I’m not an advocate of bathing cats but for Sphynx cats, it’s a necessary evil. With no fur to absorb the oil produced by their skin, they become very greasy. Dirt and dust stick to the oil and they quickly become smelly. They also stain everything they lay on. You have to discipline yourself and bathe a Sphynx cat at least once a week. If you don’t like the sound of this, get a furry cat instead.

Picture above is of a Sphynx cat in a tin bath

9. You don’t like cleaning gue out of cat’s ears

The lack of hair in the ears of a Sphynx means lots of wax builds up which can block their ear canals. This is also another source of staining. Owners really need to gently remove this wax at least twice a week and it’s quite an unpleasant task that some people might not be able to stomach.

10. You can’t see yourself regularly cleaning a cat’s feet

A Sphynx gets filthy feet too. Apart from the fact they are prone to stepping in their poop in the litter box, dirt, in general, accumulates between their toes and must be cleaned out regularly to remove the risk of infection occurring. If you aren’t delighted at this idea you are definitely not looking at your ideal cat.

11. You don’t like clipping claws

A Sphynx cat’s claws generally need trimming on a regular basis, maybe every 10 to 14 days. Owners cand learn how to do this but have to be careful to trim just the right amount off at the correct angle. If you don’t want to do this yourself, you’ll have to pay a fair amount for someone else to do it. Please don’t ever think of having a Sphynx (or any) cat declawed to avoid having to trim their claws. It’s a painful amputation procedure that leaves a cat having to relearn their whole way of walking without their first toe joints, and can also lead to behavioral issues such as scratching, biting and refusing to use a litter box.

12. You have a cat allergy

Most allergies triggered by cats are related to their dander (dead skin cells), urine, and saliva, not their fur. So the less fur a cat has the more likely you are to be exposed to these allergens. The Asthma and Allergy Foundation of America (AAFA) states there is no such thing as a hypoallergenic cat (click the link to their site to read more).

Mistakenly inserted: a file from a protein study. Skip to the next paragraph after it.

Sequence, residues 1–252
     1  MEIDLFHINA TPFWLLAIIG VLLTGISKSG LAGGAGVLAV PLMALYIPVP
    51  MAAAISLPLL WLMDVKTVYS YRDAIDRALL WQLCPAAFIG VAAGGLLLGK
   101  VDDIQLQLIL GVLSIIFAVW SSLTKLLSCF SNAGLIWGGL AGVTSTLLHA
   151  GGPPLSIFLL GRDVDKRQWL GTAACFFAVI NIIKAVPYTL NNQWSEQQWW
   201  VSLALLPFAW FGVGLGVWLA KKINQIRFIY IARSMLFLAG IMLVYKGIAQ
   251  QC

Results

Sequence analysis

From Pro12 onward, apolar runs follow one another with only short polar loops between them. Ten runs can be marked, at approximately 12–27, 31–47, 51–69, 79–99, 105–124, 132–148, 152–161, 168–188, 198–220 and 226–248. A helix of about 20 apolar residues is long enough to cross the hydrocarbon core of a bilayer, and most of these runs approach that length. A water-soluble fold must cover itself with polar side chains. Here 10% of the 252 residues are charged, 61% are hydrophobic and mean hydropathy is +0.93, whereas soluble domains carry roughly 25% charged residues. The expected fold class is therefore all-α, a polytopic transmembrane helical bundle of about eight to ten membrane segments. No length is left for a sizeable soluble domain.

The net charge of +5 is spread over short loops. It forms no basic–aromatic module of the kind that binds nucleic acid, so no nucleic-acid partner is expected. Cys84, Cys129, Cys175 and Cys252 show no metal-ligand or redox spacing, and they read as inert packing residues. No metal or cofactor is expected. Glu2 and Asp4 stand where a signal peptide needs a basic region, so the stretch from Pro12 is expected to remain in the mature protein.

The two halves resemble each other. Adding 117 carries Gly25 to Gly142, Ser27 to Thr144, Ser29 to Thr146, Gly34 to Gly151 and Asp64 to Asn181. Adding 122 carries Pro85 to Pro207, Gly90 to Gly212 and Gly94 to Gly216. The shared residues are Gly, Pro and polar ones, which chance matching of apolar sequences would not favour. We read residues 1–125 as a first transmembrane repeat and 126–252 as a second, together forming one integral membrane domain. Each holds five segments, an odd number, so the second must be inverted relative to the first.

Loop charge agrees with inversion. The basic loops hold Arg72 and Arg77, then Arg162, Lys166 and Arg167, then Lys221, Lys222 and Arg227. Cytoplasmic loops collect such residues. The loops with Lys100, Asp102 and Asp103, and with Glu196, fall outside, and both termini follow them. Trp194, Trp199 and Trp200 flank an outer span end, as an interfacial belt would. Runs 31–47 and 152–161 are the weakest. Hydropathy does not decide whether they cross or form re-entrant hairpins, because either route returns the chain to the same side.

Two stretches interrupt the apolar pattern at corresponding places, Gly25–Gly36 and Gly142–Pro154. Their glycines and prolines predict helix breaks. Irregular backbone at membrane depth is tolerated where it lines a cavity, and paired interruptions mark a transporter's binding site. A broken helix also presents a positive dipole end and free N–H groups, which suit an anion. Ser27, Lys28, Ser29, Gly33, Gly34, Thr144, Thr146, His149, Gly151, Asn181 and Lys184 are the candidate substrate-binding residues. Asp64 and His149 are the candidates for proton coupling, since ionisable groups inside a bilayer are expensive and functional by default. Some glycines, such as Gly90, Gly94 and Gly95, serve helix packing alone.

If you think a Sphynx will not aggravate your cat allergy you’re probably wrong – but do spend a few hours schmoozing with one before you buy – as long as your cat allergy isn’t life-threatening of course.

Picture above is of a Sphynx cat staring

13. You want an independent cat

Sphynx cats love to be close to their owners a lot of the time. If you don’t envisage spending endless hours relaxing with a cat on your lap (stealing your heat) choose a more independent cat.

14. You are proud of your clean home

Even when a Sphynx is bathed on a regular basis, it can still leave an oily brown sphynx-shapes imprint wherever it lays. You can attempt to cover your chairs and sofas but you can’t possibly cover every inch of your carpets. Anything white will not remain white for long.

15. You want a cat that can go outside

Sphynx cats are really best kept as house cats. They can’t go out in the cold and they are at risk of sunburn in summer. If you like a cat to have the freedom to come and go, a Sphynx won’t really suit you.

Finally

If you are wondering if Sphynx cats get fleas then our article Do Sphynx cats get fleas makes a very interesting read.

Jane

I'm Jane Pettitt, co-owner of Pets Knowledge Base with my husband, Matt. I have a grand total of 50 years’ experience as a pet owner. It all started with a guinea pig called Percy when I was 5 years old and since then I’ve lived with two more guinea pigs, a hamster, mice, a rabbit, a tortoise, a dog and 11 cats. I’ve learned so much about pet care during this time and many of my articles are based on my personal experiences and those of my family and friends .